In the early noughties, my life was peachy. I had my own business running a shop and was known in the local community for my skills as a buyer and a seller. I was living with my partner, Jim, who also had his own business. Combined we were earning around £100,000 a year. We also had a big family – he had six children from a previous marriage and I had three. You might say I had it all. I was standing at the cash register in my shop one day when a customer came in. It’s a cash-only shop so she had to pop out to the cash machine down the road. When she came back, I had no idea who she was.
Years later, I discovered I’d developed prosopagnosia, or faceblindness, which meant I couldn’t recognise the faces of the people closest to me, let alone retain the information needed to run my business.
The shop started to go under and, in a desperate attempt to pull it back, I borrowed £25,000 from my sister. Within six months, the money was gone and the business was in an even worse state. My losses were mounting: my shop, my mental state, and now my relationship with my sister.
As well as the memory loss, I was struggling with Asperger’s – as were all of our children. It got to the point where Jim had to give up his business to come home and look after us all. I couldn’t cope alone, but this meant even less money was coming in.
For months, we spiralled further into a financial no-man’s land. Every direction we turned towards seemed to lead to more hardship. None of us were eating properly and we were all losing weight. We couldn’t heat the house properly. Arguments were an everyday occurrence.
Struggling to pay the bills and make the mortgage repayments, eventually we were forced to move. With a family as big as ours, finding a place to fit us all in was a nightmare. We ended up in a tiny place and my eldest had to get his own flat. It broke my heart that he was forced to go, not least because he was having problems with drugs at the time. That wonderful life I’d once had was crumbling.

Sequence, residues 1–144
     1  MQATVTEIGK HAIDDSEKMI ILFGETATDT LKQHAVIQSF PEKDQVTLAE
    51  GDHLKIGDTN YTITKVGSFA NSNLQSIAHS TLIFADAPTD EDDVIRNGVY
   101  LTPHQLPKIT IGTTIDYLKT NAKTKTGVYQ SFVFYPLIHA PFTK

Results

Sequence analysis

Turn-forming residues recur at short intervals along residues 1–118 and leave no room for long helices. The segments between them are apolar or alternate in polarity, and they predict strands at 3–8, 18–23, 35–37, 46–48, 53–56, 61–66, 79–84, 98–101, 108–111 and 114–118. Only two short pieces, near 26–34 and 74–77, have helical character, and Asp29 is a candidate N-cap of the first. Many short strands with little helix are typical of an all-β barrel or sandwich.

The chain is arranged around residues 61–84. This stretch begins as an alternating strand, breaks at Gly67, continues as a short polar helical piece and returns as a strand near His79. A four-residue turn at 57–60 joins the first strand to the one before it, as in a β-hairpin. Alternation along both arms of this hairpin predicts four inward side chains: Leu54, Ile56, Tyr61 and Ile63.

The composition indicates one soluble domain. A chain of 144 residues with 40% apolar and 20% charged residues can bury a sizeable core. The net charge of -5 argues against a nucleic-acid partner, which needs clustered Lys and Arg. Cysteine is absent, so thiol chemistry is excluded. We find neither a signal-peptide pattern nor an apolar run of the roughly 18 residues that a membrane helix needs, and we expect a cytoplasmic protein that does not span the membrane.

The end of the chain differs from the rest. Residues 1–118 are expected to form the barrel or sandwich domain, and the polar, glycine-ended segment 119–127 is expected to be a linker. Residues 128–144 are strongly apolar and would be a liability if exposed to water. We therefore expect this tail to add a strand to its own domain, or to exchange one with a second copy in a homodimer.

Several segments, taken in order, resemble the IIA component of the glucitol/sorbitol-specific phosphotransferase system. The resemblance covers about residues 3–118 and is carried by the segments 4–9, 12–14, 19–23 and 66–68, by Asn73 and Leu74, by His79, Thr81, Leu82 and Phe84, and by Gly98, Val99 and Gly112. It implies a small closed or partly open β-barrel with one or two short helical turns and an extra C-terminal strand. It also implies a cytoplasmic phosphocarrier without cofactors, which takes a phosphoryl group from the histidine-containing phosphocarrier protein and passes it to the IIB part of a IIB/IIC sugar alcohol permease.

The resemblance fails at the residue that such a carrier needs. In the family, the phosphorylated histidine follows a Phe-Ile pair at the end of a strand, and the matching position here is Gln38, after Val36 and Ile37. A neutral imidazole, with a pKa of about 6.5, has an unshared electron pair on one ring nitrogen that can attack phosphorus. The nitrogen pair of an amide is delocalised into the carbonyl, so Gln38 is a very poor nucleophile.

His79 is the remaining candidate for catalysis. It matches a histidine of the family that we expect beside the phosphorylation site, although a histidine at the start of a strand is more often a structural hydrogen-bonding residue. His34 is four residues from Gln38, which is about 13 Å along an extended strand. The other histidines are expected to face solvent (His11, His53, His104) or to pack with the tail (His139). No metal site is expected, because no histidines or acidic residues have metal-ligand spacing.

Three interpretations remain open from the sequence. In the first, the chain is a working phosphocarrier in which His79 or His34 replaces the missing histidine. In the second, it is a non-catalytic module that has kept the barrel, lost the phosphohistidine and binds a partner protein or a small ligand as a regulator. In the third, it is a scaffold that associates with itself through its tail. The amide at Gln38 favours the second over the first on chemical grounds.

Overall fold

Having become severely depressed, suicidal thoughts were not an uncommon occurrence. I tried to end my life on several occasions and had a constant image in my head of me hanging from the tree in our garden. I’d find myself waking up in the dead of night, walking outside and just staring blankly at the tree.
The moment of change
It was a man from the council who referred me to Christians Against Poverty (CAP), a charity which provides practical and emotional support to people struggling with debt. When the manager from the local CAP centre, Lorraine, came to visit me at home for the first time, I was the lowest I had been. We were feeding six mouths on £30 a week and my mental state was in tatters.
Jim and I exchanged a dubious look when Lorraine offered to pray for us. I had a Catholic background growing up, but had since moved far away from Jesus. Thinking it couldn’t hurt, we let her pray. That day, in my dingy living room, I felt a light switch on. From then on we knew something had changed.
Sadly I lost my brother not long afterwards, but just before he died, he came back to Jesus. It was a poignant time, and through his death I reconnected with my sister, to whom I had not spoken since I lost her money.
My sister wasn’t well, so Jim and I started walking six miles every day to look after her, since we couldn’t afford to take the bus. These daily excursions started to take their toll, however, and we decided we had to move closer. While we were walking there one day, we came across a bungalow for sale and were chatting outside it when a woman approached us. She told us her son was about to put his house on the market and insisted it was better than the bungalow. The craziest thing? Her son’s house was right next door to my sister’s! Within a month we’d moved in.
I was understanding more and more about God’s love; that he had never forgotten me, even when I had forgotten him. It wasn’t long before I was attending an Anglican church every week. Six months later, I was baptised.
Giving something back
In February 2015, Jim and I were married. Nine months later, with the help of CAP, we finally became debt free.
CAP has this amazing affinity for giving; for selflessness. I wanted to be a part of that and give something back. So last year I trained as a CAP release group coach, to mentor people with life-controlling dependencies and help them find freedom. It’s the most fulfilling thing to see someone released from such pain, and to see them finding God in the midst of it.
Jim and I recently teamed up with our local parish to create a brand-new charitable business, buying, restoring and selling furniture. Named ‘Rebuild, Restore, Renew’ after a passage in Isaiah 61, our vision was born from the same source. The income will go towards maintaining our church and supporting the people who work there.
Of course, the prosopagnosia and Asperger’s still make my life tough, and as a family we still struggle from time to time, but thankfully we’re now stronger, spiritually richer and more optimistic, and it’s all thanks to God. He took my seemingly perfect life, shook it around like a snow globe, and settled me back down, gently and in one piece.
Theresa Henry was speaking to Gemma Pask from Christians Against Poverty (CAP). To find out more visit capuk.org